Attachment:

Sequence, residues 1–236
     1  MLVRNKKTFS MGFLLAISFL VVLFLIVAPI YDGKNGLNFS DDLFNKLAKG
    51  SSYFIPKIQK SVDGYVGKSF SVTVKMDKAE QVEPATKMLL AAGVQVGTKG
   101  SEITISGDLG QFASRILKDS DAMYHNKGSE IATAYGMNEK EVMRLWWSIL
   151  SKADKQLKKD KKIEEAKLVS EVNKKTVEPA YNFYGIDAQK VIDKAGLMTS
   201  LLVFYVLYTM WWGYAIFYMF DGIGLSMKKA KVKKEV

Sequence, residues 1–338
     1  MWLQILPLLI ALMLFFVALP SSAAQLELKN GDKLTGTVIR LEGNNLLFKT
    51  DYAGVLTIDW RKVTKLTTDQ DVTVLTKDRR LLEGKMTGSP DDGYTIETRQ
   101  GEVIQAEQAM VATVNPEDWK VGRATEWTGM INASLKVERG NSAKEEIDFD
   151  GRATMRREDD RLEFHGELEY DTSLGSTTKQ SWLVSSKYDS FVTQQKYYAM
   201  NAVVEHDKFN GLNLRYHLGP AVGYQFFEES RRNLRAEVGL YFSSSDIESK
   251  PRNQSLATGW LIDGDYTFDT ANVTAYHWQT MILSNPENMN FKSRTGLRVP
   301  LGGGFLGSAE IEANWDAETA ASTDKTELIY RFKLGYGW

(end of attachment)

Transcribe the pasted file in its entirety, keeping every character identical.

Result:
Sequence, residues 1–236
     1  MLVRNKKTFS MGFLLAISFL VVLFLIVAPI YDGKNGLNFS DDLFNKLAKG
    51  SSYFIPKIQK SVDGYVGKSF SVTVKMDKAE QVEPATKMLL AAGVQVGTKG
   101  SEITISGDLG QFASRILKDS DAMYHNKGSE IATAYGMNEK EVMRLWWSIL
   151  SKADKQLKKD KKIEEAKLVS EVNKKTVEPA YNFYGIDAQK VIDKAGLMTS
   201  LLVFYVLYTM WWGYAIFYMF DGIGLSMKKA KVKKEV

Sequence, residues 1–338
     1  MWLQILPLLI ALMLFFVALP SSAAQLELKN GDKLTGTVIR LEGNNLLFKT
    51  DYAGVLTIDW RKVTKLTTDQ DVTVLTKDRR LLEGKMTGSP DDGYTIETRQ
   101  GEVIQAEQAM VATVNPEDWK VGRATEWTGM INASLKVERG NSAKEEIDFD
   151  GRATMRREDD RLEFHGELEY DTSLGSTTKQ SWLVSSKYDS FVTQQKYYAM
   201  NAVVEHDKFN GLNLRYHLGP AVGYQFFEES RRNLRAEVGL YFSSSDIESK
   251  PRNQSLATGW LIDGDYTFDT ANVTAYHWQT MILSNPENMN FKSRTGLRVP
   301  LGGGFLGSAE IEANWDAETA ASTDKTELIY RFKLGYGW